Tuesday, 11 May 2010

It's all politics

Posted by Tania Kindersley.

For those of you who wish to think of something more edifying, like oh,I don't know, pig husbandry or molecular biology, I apologise. I can't stay off the news today. The latest fascination is a report of rocky splits in the Labour party over a Lib-Lab pact. I thought that David Blunkett calling Nick Clegg 'the worst kind of harlot' might be an outlier. Blunkett can afford to say what he likes. Now it seems that insiders like Jack Straw are not happy. If you are lost in political junkiedom, like me, you can read all about it here.

Tom Harris, one of the most thoughtful of Labour backbenchers, is also expressing his doubts. Like Mr Blunkett, he does not pull his punches: 'Why is Nick Clegg's opinion on who forms a government of any interest to anyone?'. (If you have time, watch his election night video, up on his website. It's very funny.)

The fascinating thing to me of all this is that it punches holes in the increasingly tenacious meme of a progressive alliance forming seamlessly out of the two anti-Tory parties. What people seem to be forgetting is there is a great swell of distrust between Labour and Lib Dems. This is partly due to bruising battles on the ground, in local and general elections, and partly due to genuine ideological differences.

Latest curiosity from the BBC news: leaders in the financial  community are accusing the politicians of 'lack of statesmanship'. The more jaded amongst us might mutter about pots and kettles. In the end, though, the markets have the whip hand, because poor old Blighty has to borrow so much cash just to keep her battered old head above water.

And since I seem to be liveblogging one of the maddest political days in my entire born life, I would like to give an honourable mention to the BBC's Matthew Amroliwala, who is reporting today from College Green, for sheer, unabashed chicness. I never saw a news person so elegantly dressed in my life. When the world is crumbling about you, it is reassuring to see a man who really knows how to tie a Windsor knot. (If you can get the iPlayer, you can witness his full loveliness here.)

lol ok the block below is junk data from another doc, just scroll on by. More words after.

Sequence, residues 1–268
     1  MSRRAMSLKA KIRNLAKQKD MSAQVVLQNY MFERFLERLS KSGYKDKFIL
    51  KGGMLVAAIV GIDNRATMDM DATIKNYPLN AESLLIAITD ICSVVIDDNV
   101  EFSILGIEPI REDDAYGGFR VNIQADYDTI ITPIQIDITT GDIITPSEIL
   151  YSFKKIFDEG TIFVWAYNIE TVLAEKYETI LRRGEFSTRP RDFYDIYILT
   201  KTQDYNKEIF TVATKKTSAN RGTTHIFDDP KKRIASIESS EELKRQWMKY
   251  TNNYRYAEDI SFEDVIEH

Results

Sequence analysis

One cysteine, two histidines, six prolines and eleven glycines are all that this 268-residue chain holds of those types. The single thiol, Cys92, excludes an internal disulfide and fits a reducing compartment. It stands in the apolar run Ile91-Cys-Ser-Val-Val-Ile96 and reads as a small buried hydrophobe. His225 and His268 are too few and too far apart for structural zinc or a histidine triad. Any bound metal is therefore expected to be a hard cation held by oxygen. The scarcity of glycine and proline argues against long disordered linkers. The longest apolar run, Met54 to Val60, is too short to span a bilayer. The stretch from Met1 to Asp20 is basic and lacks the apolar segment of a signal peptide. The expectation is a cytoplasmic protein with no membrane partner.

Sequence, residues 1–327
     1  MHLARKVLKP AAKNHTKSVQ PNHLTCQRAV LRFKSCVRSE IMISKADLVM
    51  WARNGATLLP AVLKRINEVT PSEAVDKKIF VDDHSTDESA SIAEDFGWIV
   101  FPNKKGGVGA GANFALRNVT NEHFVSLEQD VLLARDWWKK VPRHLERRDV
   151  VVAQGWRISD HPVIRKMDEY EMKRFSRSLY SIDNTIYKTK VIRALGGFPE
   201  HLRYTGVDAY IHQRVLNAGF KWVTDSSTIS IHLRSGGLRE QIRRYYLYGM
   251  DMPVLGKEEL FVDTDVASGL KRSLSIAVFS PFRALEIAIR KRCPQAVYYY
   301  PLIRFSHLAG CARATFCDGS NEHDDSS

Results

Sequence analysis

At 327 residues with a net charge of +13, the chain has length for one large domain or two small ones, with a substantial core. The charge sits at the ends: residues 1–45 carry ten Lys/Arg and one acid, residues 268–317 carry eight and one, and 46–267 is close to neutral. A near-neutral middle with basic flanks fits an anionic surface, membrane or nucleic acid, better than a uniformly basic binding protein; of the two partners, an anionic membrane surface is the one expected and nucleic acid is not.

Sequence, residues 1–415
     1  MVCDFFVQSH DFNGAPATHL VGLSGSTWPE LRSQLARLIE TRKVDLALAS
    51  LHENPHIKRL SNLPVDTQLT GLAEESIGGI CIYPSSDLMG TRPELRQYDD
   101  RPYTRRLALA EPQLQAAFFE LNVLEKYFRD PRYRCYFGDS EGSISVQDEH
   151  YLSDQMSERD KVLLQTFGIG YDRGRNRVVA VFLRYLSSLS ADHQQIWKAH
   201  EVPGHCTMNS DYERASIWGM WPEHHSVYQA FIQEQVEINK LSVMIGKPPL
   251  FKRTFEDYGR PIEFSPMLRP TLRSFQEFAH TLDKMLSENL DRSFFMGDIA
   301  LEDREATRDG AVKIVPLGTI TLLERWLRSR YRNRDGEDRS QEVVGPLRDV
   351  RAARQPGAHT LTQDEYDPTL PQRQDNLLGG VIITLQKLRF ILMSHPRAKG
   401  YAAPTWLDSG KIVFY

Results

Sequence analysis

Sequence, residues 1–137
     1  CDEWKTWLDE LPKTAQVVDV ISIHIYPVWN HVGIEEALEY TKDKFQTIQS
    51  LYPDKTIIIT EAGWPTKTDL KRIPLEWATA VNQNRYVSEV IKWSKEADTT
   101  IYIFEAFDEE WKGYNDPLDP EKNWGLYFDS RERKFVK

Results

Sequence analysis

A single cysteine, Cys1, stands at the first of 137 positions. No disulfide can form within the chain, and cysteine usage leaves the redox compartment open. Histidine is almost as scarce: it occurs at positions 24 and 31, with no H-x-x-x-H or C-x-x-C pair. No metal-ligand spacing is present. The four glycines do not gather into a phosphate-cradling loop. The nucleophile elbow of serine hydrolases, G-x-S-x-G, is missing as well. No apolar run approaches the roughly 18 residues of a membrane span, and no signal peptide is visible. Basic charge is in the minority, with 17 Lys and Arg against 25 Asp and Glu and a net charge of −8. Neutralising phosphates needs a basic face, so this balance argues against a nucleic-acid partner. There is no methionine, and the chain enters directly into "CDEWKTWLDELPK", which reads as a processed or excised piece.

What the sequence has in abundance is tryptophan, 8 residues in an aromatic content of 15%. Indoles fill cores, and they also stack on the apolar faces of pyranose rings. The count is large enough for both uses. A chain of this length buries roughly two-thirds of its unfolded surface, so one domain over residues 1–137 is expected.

As for how it will all end, I can make no predictions. For all I know, we could end up with another election next month. And another hung parliament. And Mr Clegg showing his leg all over Whitehall all over again. I start to understand why the Chinese saying May You Live In Interesting Times was considered a curse, not a blessing.


  1. *pours another large glass of hard liquor*

    The only people I still like are- Vince Cable- oh that's one. William Hague seems okay in a Conservative sort of way- I don't think he is a liar anyway- but he is still a raging Tory. I like Glenda Jackson but she seems pretty sidelined being an actual Labour person which is very out of fashion with the Labour party- no socialists allowed! Millibland seems okay but no one could really be misquoted that often and I don't like that he's obviously biding his time.

    will look up the sartorially fabulous one later- cannot now but in times of trouble there is no need to let standards slip on that front I quite agree.


  2. I like my sister's take on this which is if Brown had to resign because he didn't lead his party to victory then why not Cameron and Clegg (though I think she may have referred to them as the Posh Potato and Teflon Head) as they also effectively failed. Let's get all Roman on their asses, turn our thumbs down and make them select alternative leaders. Talk about blood sport!

    Also as it all seems so fluid these days, maybe they could have a lucky dip for their policies?!

  3. I find myself thinking it might just all be ok, if only because this is the first and only shot for the Lib Dems at some kind of power and if they destabilise the process now, in any way, it'll all come tumbling down around their ears.
    And was somewhat reassured by William Hague's surprise this morning on the wireless at how well they all get on. They may have more common ground than was pre-supposed.
    (And this may be a mean and petty-minded thing to think but was anyone else deeply suspicious of Gordon's rather sudden resignation yesterday, as if in a final mad clutch at power to throw everyone into a mild panic...?)

  4. Depressingly still no sign of any women being involved in this process. Can't think of any LibDem women likely to get a Cabinet post. Possibly Theresa May will get something but no doubt we will be reminded of her taste in shoes again. So much for new politics.

    I will soon have to drag myself away from 24 hour news though and back to real life.

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  6. Yes, Theresa May, Home Secretary and Minister for Women and Equality. De we really need a minister for women? Equality, perhaps, but Theresa May? I'm not convinced her voting record shows her to be an appropriate advocate for equality. And shouldn't Home Secretary be pretty much a full time job on it's own?

    Did anyone else see the lovely photo on the front page of the BBC site of Cameron and Clegg apparently holding hands?


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